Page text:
In short, the personal relationships are not planned, I have a starting point, and then I am letting myself have fun and explore as I write.
Question 3: I have noticed that for us, amateurs, it is difficult to focus and know-how to weave lore into a story and know how to measure the amount of lore that we present to readers. In your case, it is even more difficult due to the peculiar way you introduce the PC past. How do you balance that? What advice would you give us?
In part, this is a personal taste thing. Some people love lore, lore dumps, and intricately carved worlds. Some get bored by it. There is no single way of doing this, but speaking for myself, I have a few guidelines:
• If you need a big lore dump, get it over fast, and make it skippable on second runs. I used that in Rebirth. I couldn’t think of an easy way of integrating world history at the start, but I also wanted it there to get people in on the ground floor. Was this the best way to do it? Probably not. I was still very much grounded in the novel and would probably do it differently today.
• If your lore does not affect the situation at hand, it doesn’t need to be there.
• If you want your cool lore in the game, make up a situation where it becomes relevant.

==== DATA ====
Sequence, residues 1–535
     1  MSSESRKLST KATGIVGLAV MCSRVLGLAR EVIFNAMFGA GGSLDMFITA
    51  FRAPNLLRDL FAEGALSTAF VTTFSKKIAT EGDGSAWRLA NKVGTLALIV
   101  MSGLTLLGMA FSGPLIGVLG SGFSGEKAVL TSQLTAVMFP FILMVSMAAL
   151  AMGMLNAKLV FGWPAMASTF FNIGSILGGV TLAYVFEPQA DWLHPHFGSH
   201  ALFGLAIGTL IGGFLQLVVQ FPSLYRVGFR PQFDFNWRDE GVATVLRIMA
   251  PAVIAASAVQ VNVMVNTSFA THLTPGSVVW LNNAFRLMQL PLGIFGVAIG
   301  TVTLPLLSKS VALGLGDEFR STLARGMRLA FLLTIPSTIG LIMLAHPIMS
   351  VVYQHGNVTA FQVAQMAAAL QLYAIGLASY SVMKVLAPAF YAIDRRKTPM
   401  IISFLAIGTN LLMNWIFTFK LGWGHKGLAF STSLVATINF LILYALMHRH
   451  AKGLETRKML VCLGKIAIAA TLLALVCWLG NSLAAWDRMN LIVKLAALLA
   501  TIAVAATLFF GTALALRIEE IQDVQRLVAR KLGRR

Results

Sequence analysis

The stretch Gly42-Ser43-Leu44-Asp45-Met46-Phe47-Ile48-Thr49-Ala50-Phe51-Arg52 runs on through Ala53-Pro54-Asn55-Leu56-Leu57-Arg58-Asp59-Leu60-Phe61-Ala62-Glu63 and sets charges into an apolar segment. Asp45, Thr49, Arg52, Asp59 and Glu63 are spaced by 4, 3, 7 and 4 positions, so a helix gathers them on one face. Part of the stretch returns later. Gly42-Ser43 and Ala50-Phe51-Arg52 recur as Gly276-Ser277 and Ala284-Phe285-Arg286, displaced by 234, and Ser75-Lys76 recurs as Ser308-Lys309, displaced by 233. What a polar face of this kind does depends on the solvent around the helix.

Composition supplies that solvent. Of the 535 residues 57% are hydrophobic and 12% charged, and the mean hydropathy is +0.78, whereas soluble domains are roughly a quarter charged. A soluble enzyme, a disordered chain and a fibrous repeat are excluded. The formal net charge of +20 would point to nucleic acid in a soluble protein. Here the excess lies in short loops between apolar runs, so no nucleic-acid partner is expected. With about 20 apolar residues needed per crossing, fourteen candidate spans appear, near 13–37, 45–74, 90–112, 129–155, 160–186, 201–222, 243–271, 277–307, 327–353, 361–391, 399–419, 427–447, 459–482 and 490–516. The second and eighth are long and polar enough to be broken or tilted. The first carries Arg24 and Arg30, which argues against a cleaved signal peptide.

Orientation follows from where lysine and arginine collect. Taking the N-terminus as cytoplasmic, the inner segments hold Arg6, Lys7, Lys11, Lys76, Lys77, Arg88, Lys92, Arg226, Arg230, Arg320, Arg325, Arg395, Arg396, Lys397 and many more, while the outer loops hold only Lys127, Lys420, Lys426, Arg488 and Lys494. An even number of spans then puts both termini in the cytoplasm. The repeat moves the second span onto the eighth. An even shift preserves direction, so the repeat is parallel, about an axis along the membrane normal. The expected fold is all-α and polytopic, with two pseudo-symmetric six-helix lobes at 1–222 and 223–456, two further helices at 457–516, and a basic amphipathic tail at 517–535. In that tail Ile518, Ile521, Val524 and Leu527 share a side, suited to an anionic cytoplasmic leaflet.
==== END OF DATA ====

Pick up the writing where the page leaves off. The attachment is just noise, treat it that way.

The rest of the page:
• Setting the mood is a relevant reason for lore, but remember that it needs to be short, snappy, and engaging. Pratchet is good at that.
• Remember that lore and worldview are influenced by characters and their viewpoints. Let people have different opinions, avoid the Author Truth.
• Don’t be afraid of mysteries. The players don’t need to know everything, not even about their own characters. Speculation is fun.
• If you have mysteries, make sure that there are enough clues and hints that people will go “duh!” when they find out, not “huh?”. You want the reveal to be grounded in the text that came before, not a complete left turn put there only to surprise people.
Question 4: Now let’s move on to the stats. Do you create the plot before the playable mechanics? Or do you first create the Stats and other mechanisms of the game?